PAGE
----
The Opéra de Lyon became the third opera house to mount a double bill of operas – Tchaikovsky’s “Iolanta” and Stravinsky’s “Perséphone” – conceptualized by director Peter Sellars.
Although “Iolanta” has been the first opera performed in this double bill, the idea of pairing the two operas did not emerge until after plans for “Perséphone” were underway. For that reason, I will reverse the order of my reviews of each of the performances of the double-billed operas.
Stravinsky’s “Perséphone” is a product of an uneasy artistic collaboration between himself, French poet/dramatist André Gide, and dancer Ida Lvovna Rubinstein, who were not in agreement on how the work – encompassing an opera singer, an actor, dancers, and adult and children’s choruses – should be staged. Although the work’s premiere took place in 1934, it has rarely been staged since.
I believe that, because “Perséphone” has only a single operatic role, here sung in the original French, it should matter to a reviewer whether the work is being presented as a “semi-staged” symphonic evening or as a “fully staged” opera.
Paul Groves’ Eumolpe
In Lyon, the operatic role was sung by Louisiana tenor Paul Groves, who has experience in performing other French works that have a somewhat tenuous claim to the opera house stage.
Groves is associated with the vocal works of Berlioz, particularly that composer’s self-proclaimed légende dramatique [Berlioz’ Faust Fantastique: Lyric Opera Does “Damnation” – Chicago, March 8, 2010].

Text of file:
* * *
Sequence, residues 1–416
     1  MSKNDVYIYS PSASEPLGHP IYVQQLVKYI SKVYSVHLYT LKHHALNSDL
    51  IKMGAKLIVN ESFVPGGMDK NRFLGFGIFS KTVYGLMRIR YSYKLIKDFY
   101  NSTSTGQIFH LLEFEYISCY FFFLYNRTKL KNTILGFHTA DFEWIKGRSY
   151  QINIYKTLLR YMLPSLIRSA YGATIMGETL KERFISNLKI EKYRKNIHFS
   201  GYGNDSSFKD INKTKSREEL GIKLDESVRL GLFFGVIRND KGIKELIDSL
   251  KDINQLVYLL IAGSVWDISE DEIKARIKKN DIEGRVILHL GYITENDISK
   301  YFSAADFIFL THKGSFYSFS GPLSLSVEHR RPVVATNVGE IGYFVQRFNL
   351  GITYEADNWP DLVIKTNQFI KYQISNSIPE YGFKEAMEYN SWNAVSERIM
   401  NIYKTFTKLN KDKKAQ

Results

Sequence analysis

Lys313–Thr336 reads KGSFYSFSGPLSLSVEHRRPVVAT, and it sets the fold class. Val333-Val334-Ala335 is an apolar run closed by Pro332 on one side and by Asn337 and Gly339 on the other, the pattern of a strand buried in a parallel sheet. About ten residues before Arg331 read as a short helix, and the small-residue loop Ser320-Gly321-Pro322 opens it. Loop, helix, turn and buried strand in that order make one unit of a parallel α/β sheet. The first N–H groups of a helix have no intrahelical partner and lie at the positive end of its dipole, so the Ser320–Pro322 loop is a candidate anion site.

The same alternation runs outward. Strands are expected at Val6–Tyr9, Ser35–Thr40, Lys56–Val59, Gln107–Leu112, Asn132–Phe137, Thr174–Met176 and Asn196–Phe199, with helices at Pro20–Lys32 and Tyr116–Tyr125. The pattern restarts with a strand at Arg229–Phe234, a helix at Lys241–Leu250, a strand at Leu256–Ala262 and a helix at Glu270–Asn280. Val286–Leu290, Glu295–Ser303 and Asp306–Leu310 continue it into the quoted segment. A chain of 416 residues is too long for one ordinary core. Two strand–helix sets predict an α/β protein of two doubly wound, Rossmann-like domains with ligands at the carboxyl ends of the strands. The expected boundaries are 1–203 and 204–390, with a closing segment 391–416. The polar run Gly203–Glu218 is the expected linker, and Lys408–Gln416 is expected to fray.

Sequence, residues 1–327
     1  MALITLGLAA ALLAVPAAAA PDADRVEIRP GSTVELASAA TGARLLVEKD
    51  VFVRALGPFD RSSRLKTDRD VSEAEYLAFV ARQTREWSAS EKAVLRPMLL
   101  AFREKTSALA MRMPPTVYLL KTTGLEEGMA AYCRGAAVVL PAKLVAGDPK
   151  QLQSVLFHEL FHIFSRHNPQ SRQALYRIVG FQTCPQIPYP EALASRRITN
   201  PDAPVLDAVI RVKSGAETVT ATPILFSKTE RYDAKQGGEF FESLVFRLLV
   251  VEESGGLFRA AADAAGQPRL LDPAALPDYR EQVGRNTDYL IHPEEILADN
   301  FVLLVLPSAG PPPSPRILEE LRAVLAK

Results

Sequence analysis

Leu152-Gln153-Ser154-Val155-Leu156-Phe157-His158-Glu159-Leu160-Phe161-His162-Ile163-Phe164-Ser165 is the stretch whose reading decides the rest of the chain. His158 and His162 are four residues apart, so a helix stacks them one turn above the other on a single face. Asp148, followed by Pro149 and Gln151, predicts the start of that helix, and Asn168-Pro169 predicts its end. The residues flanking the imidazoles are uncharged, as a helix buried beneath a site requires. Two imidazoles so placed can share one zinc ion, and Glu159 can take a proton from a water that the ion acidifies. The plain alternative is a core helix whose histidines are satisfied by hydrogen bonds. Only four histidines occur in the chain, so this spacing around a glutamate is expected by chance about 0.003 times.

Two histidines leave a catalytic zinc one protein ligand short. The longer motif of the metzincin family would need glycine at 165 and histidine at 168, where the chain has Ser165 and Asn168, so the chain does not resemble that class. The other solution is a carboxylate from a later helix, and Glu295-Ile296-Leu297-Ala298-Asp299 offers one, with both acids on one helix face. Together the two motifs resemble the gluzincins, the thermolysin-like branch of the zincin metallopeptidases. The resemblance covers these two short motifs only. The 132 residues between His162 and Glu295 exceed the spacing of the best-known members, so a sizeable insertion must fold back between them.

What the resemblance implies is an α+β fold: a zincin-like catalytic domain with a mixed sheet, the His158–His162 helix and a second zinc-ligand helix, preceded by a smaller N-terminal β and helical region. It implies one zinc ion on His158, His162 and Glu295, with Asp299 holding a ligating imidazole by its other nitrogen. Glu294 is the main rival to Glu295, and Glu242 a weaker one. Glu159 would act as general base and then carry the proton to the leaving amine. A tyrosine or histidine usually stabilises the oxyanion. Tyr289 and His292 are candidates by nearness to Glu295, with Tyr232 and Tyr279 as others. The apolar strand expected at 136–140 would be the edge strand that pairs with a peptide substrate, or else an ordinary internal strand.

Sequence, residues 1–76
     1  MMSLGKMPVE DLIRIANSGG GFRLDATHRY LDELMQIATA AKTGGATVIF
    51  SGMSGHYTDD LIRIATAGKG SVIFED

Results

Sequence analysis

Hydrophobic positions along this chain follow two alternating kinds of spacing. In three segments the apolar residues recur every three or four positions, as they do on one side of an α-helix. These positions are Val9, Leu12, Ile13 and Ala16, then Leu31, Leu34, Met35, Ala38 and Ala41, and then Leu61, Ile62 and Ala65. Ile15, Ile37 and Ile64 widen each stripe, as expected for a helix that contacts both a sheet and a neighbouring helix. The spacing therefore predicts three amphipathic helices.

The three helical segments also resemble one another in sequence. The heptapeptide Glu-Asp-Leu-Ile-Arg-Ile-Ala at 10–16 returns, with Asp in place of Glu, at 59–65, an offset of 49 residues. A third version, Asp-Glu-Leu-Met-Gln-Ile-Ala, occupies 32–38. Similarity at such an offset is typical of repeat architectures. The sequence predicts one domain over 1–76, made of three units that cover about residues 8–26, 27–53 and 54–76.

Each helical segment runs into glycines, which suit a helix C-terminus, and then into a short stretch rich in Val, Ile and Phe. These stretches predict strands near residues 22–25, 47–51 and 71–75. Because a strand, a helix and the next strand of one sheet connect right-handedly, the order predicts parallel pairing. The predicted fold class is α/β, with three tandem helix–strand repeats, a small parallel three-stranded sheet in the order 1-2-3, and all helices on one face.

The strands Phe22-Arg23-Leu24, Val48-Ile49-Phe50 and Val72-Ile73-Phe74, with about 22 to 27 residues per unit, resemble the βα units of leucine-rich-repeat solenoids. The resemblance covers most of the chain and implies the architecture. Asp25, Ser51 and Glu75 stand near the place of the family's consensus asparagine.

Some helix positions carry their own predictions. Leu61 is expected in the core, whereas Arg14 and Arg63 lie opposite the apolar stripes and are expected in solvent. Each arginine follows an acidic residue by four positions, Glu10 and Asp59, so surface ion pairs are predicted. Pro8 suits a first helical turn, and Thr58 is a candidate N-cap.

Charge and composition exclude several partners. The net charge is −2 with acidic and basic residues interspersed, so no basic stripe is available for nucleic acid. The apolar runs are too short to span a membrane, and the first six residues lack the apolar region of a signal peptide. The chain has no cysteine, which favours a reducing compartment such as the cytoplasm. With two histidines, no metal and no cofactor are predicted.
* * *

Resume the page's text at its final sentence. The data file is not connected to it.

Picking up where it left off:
Groves’ secure grasp of French style (his pronunciation wins favor even among French critics) and theatrical instincts has made him a favorite choice of directors, including Sellars, wishing to “rescue” difficult-to-stage French works for the opera house stage.
Groves’ Eumolpe narrates (in French) the story of the goddess Déméter’s daughter, Perséphone, who was the gods’ guardian of springtime, until she was captured by Pluto and forced to be his consort in Hades. Perséphone developed empathy with the persons stuck in Hades. That empathy resulted in her agreement to return each year to Hades, which created the annual effect on the earth’s seasons.
Below: Eumolpe (Paul Groves, front center) is surrounded by the children’s chorus; edited image, based on a J.-P. Maurin photograph for the Opéra de Lyon.
Groves’ voice encompasses the expressiveness of a lyric tenor [see Master of the Lyric Voice – An Interview with Paul Groves] and the power to perform the jugendlicher title roles of Wagner’s “Lohengrin” and “Parsifal”.
Paul Groves was associated with a performance of “Perséphone” on a double bill with Poulenc’s “La Voix Humaine” in the 2003 BBC Proms in London, conducted by Sir Andrew Davis (of which a recording is available.)
The Sellars Solution for Staging “Persephone”
Director Peter Sellars, who has collaborated with Groves on other projects [See Extreme Makeover: A Vivaldi Revival’s Reveal – Peter Sellars’ “Griselda” at Santa Fe Opera – August 4, 2011] had desired to mount “Perséphone”, but had not decided on how to organize the work’s elements.